It's time to stop calling every firm that uses technology a tech company
It's time to stop calling every firm that uses technology a tech company
Defining a company begins by looking at what it produces and sells, not at what enables it to do so.
Thomas A. Stewart and Patricia O’Connell

Online cycling-class provider Peloton isn’t a tech company. Nor are ride-sharing services Uber and Lyft, work-space provider WeWork, online fashion stylist Stitch Fix, meal delivery service Blue Apron, or content creator and curator Netflix, to name just a few that have been given that moniker.

The overuse of tech as the modifier du jour recalls the Internet-bubble age. In the late 1990s, companies that weren’t centered on clicks or whose online-oriented business was founded in vain added .com to their names to get Wall Street cred and attract venture capital. Now, it seems, tech is — or wants to be — a similarly magic word.

To be sure, digital technology is an enabler, maybe the most powerful one since electric power. Technology’s capabilities have grown to the degree that it not only has become essential to doing business but has transformed entire industries and sectors. For example, with Amazon in the vanguard, technology transformed retail. But Amazon is a retailer, not a tech company. Peloton, with its 21st-century, Internet-connected bikes, isn’t exactly Schwinn. Nor is it the cycling class at your local gym. Nevertheless, Peloton is a fitness company — a tech-enabled one, but a fitness company all the same.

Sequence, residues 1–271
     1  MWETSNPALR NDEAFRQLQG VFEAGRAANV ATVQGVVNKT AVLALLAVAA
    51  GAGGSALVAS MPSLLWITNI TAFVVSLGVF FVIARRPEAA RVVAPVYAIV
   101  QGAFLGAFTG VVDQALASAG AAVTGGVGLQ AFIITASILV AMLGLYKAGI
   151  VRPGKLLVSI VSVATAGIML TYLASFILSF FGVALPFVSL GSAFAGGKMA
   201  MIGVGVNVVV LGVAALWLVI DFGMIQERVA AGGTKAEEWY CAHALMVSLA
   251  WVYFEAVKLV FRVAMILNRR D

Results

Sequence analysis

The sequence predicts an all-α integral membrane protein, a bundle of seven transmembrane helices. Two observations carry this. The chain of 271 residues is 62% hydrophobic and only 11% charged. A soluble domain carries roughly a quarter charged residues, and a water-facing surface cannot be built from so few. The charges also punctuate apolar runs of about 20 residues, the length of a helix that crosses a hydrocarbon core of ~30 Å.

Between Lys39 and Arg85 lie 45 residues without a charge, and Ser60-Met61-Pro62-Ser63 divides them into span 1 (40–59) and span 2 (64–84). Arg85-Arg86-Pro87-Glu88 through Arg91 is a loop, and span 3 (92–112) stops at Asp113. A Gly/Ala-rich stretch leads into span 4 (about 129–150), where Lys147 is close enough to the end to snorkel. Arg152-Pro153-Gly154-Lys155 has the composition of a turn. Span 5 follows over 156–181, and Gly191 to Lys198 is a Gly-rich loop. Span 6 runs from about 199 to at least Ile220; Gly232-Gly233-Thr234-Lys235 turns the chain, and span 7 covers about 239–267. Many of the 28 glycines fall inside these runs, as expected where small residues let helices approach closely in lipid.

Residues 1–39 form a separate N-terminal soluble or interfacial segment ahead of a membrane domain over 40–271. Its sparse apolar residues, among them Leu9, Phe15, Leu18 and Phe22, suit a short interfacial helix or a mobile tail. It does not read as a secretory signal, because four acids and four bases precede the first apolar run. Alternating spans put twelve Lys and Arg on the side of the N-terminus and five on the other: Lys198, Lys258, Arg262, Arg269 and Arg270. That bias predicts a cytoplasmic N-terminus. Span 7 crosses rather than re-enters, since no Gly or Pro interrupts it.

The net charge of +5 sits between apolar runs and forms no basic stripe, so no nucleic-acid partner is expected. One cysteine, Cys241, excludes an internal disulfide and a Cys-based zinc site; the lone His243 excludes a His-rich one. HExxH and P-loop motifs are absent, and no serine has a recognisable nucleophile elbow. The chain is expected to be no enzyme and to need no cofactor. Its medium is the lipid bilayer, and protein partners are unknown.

It’s important to draw a distinction between what a tech company is and isn’t not only because mislabeling could portend another stock market bubble, but because management’s attention, like other resources, is limited. A tech-bedazzled management is liable to spend too much time, money, and energy on the underlying technology, or the touting of it, rather than on what will ultimately determine whether the company can grow, scale, and prosper.


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Summer 2020